The Difference That Makes A Difference

This was the original introduction to my first WordPress blog; it is still my essential goal, and I am just popping it here as a place-holder for what is to follow with regard to my Fun-damentals – learning to learn and having fun learning are inseparable, but the connection is only slowly reaching mainstream understanding, and then mainly with regard to the education of children. Play is a fundamental for learning, and it has a lovely array of meanings that express much of what learning through life is all about…

“Human sense organs can receive only news of difference, and the differences must be coded into events in time (i.e., into changes) in order to be perceptible. Ordinary static differences that remain constant for more than a few seconds become perceptible only by scanning. Similarly, very slow changes become perceptible only by a combination of scanning and bringing together observations from separated moments in the continuum of time.”

Mind And Nature – Gregory Bateson

“A difference that makes a difference” was Gregory Bateson’s definition of a “bit” or “elementary unit” of information. This phrase – often simply and inaccurately quoted as a definition of information itself – expresses an idea that is so clear and easy to grasp that it feels instantly useful.  This maybe in part because it describes so well the way our nervous system behaves.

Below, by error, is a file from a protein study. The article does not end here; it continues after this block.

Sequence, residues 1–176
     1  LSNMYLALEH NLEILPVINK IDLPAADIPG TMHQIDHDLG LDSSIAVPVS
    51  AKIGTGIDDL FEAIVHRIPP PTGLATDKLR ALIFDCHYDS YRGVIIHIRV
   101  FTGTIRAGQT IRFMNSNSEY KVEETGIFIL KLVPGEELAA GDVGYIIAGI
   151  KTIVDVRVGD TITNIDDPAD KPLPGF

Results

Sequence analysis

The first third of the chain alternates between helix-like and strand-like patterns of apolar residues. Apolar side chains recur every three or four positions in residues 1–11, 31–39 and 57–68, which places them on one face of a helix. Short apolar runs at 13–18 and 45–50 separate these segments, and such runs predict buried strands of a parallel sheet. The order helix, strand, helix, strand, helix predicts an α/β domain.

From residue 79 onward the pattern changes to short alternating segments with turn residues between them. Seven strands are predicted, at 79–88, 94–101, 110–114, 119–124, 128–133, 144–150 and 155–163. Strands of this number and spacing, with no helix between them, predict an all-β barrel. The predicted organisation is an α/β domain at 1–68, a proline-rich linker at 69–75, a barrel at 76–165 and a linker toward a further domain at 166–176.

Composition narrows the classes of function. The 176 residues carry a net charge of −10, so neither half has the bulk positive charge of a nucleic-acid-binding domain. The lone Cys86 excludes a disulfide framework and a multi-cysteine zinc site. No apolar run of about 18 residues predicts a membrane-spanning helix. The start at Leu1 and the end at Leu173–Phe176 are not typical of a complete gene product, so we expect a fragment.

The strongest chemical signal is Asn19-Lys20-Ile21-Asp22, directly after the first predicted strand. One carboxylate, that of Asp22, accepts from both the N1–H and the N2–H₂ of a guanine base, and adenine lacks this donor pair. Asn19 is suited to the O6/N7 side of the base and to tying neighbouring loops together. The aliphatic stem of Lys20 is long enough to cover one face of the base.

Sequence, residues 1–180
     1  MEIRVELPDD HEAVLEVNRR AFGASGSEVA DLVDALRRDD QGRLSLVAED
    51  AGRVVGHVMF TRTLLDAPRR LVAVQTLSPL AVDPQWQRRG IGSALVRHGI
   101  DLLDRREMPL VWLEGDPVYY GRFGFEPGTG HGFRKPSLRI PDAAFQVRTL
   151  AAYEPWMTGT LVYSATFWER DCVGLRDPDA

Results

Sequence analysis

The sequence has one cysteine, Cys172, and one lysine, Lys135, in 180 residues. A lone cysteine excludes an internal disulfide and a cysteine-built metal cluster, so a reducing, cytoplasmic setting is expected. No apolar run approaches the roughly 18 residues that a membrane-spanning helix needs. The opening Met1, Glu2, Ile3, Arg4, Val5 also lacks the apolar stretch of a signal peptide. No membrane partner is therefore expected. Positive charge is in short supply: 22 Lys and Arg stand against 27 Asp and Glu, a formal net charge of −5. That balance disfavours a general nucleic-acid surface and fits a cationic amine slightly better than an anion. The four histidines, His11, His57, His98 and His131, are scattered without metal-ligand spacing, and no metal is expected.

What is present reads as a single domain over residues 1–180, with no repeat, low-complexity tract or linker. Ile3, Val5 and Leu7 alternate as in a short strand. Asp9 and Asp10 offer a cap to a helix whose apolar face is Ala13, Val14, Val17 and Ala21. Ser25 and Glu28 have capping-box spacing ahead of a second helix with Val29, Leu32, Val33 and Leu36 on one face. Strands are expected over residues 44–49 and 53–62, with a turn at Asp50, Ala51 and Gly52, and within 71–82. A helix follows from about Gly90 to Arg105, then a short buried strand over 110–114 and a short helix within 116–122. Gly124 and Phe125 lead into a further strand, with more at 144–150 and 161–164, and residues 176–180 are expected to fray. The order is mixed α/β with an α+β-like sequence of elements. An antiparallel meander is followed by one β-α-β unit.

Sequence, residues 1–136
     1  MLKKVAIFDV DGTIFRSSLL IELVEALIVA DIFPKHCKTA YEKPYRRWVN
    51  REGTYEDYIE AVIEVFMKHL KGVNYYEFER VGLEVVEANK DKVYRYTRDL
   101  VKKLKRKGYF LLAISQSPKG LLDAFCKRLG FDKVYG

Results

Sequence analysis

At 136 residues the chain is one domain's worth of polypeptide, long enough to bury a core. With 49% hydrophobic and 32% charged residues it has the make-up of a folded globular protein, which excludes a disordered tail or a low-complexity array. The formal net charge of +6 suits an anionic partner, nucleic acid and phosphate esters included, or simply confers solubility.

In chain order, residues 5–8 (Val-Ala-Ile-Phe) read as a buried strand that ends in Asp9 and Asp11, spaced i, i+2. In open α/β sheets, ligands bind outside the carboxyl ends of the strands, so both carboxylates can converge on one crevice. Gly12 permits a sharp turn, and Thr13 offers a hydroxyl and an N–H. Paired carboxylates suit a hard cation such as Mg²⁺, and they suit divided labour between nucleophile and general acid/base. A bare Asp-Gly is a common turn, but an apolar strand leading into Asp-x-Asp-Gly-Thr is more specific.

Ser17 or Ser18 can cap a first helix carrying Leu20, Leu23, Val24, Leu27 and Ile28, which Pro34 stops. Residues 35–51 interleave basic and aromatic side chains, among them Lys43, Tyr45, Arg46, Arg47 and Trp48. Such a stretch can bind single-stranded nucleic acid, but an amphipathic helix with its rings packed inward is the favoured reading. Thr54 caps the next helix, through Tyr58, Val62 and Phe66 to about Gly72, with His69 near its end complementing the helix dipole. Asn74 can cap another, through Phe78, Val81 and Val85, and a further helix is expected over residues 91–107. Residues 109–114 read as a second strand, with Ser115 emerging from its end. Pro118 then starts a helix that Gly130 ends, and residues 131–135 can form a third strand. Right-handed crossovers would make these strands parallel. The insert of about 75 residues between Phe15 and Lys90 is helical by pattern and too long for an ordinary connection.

Metal that isn’t being heated in some way is often cold to the touch – if you drop a coin onto the palm of your hand you will feel its coolness and maybe some of its flatness and roundness as well, but after a while the sensations will diminish until your awareness of the coin has almost gone (although the simple act of focusing your awareness on the coin will bring sensation back, which is what Bateson means by “scanning”). This isn’t simply because the coin warms up, but because your brain edits out the signal from the contact of the coin on your skin – nerve cells do not keep conveying the same information unless it is likely to be useful to us, they only fire off a signal to the brain when something new happens, when something changes. Difference is what enables us to pick out new and relevant information from the sensory bombardment created by the highly stimulating world we live in.

In Feldenkrais teaching we are always looking for the difference that will make a positive difference to our own functioning and that of our students – Awareness Through Movement lessons are designed to maximise the amount of information that we get from the sensory motor nervous system by constantly paying attention to what changes – what feels different – as we move, and when we get up from the floor at the end of the lesson we are rewarded with a very different sense of our self – our balance, our stance, the way we breath, the way we hold our head, the way we walk, our experience of our weight.  We are standing with greater ease and less sense of conscious effort, and all these changes are achieved by the simple but powerful activity of paying attention to small differences.

By writing this ongoing blog, my goal is to show just how different Feldenkrais is from other routes to wellbeing, and how much difference it can make for us all.

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